Prehistoric Parenting – The Harvard Lampoon

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Prehistoric Parenting

  DFP '18

I swear, kids these days can’t even go five whole minutes without looking at their damn wheel. It’s pathetic. Every time I walk into my daughter’s section of the cave, she’s staring at her friggin’ wheel. Whenever I ask my son if he wants to toss around the old pig’s skin, he’s too busy using the pig’s skin to decorate his wheel. The other day the kid even had the nerve to ask me if I could buy him a new wheel. I asked him what was wrong with the wheel he already had.

He said, “Well, the wheel that just came out is a perfect circle. The one I have at the moment is more like a crudely chiselled octagon.”

“And I guess you think the barter system just grows on trees?” I replied. “The answer’s no.”

“Ugh, you’re being so unfair!” he yelled, which, to be honest, I was quite taken aback by. I mean, since when did he start calling me by my first name? I think what these kids need is a little perspective.

Back when I was a boy, we didn’t even have wheels. If we wanted to entertain ourselves, we’d go hunting or rub two sticks together until they caught fire. Heck, sometimes we’d even rub a couple of sticks together just for the fun of it. We’d have an opinion about everything. Ask us what we thought about our tribal leader, and we’d give you an answer based on whether or not he’d sacrificed any of our family members. Ask us why we sounded so critical of Chief Dorg, and we’d say, “Oh, it’s nothing,” while tightly clasping the heart-shaped locket around our neck.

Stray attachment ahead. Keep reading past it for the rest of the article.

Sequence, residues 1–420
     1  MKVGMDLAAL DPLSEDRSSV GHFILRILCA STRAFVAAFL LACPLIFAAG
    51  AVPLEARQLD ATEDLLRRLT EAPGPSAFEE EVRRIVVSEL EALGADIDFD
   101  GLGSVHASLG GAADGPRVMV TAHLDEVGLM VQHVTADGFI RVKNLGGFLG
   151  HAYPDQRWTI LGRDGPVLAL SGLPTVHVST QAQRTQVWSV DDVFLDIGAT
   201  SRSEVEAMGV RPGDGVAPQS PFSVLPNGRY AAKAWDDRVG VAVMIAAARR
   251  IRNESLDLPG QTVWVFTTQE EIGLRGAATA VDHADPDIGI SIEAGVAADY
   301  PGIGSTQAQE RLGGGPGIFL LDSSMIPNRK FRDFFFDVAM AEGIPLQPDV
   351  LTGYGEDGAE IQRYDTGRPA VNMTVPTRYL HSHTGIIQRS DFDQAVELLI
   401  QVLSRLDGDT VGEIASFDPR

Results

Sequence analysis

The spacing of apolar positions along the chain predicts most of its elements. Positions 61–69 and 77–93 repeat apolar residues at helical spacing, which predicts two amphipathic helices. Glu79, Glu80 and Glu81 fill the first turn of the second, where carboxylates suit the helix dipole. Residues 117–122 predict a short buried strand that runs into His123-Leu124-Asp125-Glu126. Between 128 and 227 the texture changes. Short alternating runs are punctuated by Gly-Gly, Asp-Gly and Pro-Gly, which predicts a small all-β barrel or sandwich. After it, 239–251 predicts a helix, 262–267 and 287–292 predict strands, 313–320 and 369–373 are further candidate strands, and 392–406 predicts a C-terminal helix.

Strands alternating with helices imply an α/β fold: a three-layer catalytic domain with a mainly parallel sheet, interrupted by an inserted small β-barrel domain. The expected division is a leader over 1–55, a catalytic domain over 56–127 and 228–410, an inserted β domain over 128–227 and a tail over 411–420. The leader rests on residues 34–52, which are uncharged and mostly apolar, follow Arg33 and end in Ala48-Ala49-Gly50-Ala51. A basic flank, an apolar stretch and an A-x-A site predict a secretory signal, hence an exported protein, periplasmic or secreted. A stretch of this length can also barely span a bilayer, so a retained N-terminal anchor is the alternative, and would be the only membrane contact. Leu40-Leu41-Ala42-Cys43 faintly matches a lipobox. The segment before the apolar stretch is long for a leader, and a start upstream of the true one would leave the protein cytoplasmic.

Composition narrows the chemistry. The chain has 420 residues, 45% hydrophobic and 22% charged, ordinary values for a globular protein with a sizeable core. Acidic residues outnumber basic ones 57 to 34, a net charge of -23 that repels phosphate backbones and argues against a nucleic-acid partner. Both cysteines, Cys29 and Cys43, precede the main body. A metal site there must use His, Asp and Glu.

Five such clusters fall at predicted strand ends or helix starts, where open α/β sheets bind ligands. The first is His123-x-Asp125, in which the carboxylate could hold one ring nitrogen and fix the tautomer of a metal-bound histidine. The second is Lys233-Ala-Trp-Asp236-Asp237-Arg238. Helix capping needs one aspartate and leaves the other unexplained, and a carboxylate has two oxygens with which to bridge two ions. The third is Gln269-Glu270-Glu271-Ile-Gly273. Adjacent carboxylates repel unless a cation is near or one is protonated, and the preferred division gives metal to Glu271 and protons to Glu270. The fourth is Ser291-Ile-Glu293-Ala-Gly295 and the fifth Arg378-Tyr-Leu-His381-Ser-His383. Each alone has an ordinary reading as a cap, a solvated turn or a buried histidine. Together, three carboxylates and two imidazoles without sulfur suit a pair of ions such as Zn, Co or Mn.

But ask any kid nowadays what they think of Chieftess Oolg, and they’ll probably say something stupid like, “She’s a complete neanderthal” (which is pretty much the highest compliment you can give someone) despite the fact that her interventionist policies led to the current mess we’re in vis-à-vis velociraptors. They just don’t have a clue.

I know I’m beginning to sound like a bit of a grouch, but the thing is that, when I come home from my soul-sucking job as the witch-doctor’s test subject, all I want to do is spend some time with my kids, find out how their day was, how many nuts they gathered, etc. I’m not going to be around forever—I’m nearly 24 for crying out loud—but I don’t think my kids realise this, and I just know that one day they’re going to look back and regret all the moments we missed out together.

Yeah, maybe it’s an exaggeration to say that “the wheel is tearing this family apart”. I know it could be worse. It could be velociraptors. But still, these kids treat the wheel like it’s the best thing since fire, and I just want to say to them, “Hello? You guys ever heard of sliced bread?” They would say, “No, Dad, we haven’t.” And then I’d say, “Me neither. It hasn’t been invented yet.” And then we’d all burst into laughter, despite the fact that what I just said made no logical sense.

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